I think it is safe to say that anytime any company wants to get something new accomplished they “kick off” this thing called a “project”. Now if you have spent any time in IT you have probably had a role on one of these so called projects. You know when you are on a good project:
- Everyone knows what the end goal is.
- Everyone knows each others roles.
- Everyone has a sense that all participants are accountable for their tasks.
- Things are getting done.
- Everyone feels a sense of progress.
- Everyone feels a sense of team.
You also know when you are on a bad project:
- Everyone is seemingly bumping into each other.
- No one can really articulate the goal of the project
- No one knows what the end state is supposed to look like.
- Time is going by with meetings and minutes and status reports but no real tangible work is getting done.
This series of articles will cover different aspects on how to survive as an IT manager that has a role to play on an IT project.
Boss: <thinking out loud> “Did they actually get approval to kick off the FlimFlam Upgrade project? I better have someone on the team plugged in so I can tell if we are going to have to change our procedures in anyway.”
Boss: “Bob, looks like the FlimFlam Upgrade project needs a resource from our team and based on our team’s workload, I am going to give them your name.”
Bob the Engineer: <forcing a look of enthusiasm> “Thanks boss, I’ll get right on it.”
As an IT manager, I’ve found my role related to projects to vary based on a variety of circumstances. Some projects, I want to be heavily involved because the project’s scope suggests some potential major changes to my team. On other projects, I want myself and my team to specifically be completely devoid of any knowledge the project was going on in order to avoid having resources consumed on a project that had a high likelihood of being cancelled down the road. One thing to note right at the start, a manager, not explicitly sponsoring the project, getting involved on a project impacts the project differently than if a staff member gets involved. When managers are tactically involved, it usually means something is going wrong and someone probably messed up. Thus, one of the first decisions to be made is do you, yourself get directly involved or do you assign a role to one of your staff to fulfill on the project to get you the details you need. The larger the organization and the more enterprise-ish your role then the more information you need to have on all of the projects in flight that could impact you and your team.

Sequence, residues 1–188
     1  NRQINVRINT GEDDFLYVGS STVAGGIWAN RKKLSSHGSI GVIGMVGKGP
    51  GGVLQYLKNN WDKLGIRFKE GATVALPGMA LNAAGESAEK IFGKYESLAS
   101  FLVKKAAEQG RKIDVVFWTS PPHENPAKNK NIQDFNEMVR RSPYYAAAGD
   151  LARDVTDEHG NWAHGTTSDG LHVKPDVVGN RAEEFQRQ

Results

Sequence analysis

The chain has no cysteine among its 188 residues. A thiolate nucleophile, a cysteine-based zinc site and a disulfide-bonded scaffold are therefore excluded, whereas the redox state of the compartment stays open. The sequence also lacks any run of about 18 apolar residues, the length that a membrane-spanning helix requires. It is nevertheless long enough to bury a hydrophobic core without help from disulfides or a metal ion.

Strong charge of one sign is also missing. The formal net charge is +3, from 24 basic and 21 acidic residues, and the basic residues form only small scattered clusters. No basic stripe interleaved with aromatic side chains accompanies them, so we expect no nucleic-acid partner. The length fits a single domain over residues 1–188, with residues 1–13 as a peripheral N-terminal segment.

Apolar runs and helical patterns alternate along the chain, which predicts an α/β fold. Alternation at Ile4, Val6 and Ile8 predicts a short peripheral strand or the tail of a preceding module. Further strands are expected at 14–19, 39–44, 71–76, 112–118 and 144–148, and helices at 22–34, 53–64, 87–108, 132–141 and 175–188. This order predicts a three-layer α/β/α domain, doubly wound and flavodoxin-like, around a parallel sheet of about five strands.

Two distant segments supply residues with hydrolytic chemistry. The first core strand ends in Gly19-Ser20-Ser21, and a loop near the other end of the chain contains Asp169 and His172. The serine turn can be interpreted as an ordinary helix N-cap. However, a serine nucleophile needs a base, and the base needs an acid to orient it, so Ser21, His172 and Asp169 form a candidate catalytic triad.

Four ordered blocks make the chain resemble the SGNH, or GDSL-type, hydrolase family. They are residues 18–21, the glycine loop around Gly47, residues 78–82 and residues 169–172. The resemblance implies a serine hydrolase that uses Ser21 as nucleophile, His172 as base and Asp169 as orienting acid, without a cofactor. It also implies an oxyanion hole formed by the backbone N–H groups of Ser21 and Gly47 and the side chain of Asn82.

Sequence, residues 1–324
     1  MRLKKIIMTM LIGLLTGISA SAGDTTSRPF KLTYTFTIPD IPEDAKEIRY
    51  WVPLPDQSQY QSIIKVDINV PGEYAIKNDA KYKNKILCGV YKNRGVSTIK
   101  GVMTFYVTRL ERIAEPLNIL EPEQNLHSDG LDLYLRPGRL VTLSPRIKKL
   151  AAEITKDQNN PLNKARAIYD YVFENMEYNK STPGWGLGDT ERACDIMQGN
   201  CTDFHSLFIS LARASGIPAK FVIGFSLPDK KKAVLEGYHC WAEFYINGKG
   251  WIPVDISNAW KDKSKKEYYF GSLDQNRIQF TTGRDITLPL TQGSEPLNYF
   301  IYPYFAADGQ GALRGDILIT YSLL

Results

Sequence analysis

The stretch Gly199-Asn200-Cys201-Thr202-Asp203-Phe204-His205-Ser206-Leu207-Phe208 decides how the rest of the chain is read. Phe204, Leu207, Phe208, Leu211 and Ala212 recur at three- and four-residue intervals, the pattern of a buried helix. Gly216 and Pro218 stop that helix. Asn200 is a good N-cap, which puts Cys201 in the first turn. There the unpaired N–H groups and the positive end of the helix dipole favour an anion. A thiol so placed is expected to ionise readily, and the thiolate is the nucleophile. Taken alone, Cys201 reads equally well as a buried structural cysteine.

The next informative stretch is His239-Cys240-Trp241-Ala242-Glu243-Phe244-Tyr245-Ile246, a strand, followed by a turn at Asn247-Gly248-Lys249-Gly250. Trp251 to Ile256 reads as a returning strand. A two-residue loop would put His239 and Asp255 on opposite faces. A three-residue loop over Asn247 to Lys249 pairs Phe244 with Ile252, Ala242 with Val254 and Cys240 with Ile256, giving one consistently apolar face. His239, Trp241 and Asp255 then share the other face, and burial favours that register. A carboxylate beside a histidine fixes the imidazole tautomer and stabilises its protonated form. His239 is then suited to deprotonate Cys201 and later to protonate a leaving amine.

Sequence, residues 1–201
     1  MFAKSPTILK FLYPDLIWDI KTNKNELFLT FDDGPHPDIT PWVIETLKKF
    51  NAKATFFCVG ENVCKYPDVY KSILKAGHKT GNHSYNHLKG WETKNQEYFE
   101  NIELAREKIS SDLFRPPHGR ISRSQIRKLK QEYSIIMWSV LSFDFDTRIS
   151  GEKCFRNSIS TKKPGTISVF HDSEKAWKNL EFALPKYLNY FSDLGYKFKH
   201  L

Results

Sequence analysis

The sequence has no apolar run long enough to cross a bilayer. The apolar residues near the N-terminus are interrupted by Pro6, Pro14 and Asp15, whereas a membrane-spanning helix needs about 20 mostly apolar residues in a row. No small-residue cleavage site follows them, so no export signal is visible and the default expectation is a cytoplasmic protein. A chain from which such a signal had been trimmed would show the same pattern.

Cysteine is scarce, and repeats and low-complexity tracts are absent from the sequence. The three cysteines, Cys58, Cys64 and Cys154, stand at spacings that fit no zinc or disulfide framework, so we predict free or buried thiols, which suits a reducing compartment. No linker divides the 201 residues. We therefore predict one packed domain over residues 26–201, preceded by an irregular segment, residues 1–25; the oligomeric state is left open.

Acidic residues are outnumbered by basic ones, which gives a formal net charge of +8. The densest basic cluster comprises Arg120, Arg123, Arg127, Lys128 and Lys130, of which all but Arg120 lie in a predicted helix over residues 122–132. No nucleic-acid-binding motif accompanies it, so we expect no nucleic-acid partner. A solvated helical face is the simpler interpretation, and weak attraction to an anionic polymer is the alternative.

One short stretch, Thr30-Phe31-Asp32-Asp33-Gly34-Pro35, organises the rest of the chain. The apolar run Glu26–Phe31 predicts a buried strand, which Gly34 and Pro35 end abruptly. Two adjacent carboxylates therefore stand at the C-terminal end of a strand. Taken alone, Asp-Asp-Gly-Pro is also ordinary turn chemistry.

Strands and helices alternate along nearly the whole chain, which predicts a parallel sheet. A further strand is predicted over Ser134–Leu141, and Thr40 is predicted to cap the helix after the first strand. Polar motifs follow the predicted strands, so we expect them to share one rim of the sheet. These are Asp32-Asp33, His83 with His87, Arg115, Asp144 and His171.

That being said, I’ve seen too many new managers, especially ones that are moving from engineering into management, that make the mistake of assuming they personally must know everything about everything that is going on around them. You have probably run into these types. They always appear in a constant state of stressfulness. They are rushing into every meeting a few minutes late and rushing out as soon as the final agenda item is discussed. They always speak twice as fast as everyone else and they never stick around after the meeting where the real information is shared. In their quest to know everything that is going on they put themselves on a fast track to mistakes and burnout. Thus, we arrive at my first recommendation for the next article in the series: delegation of project attendance duties.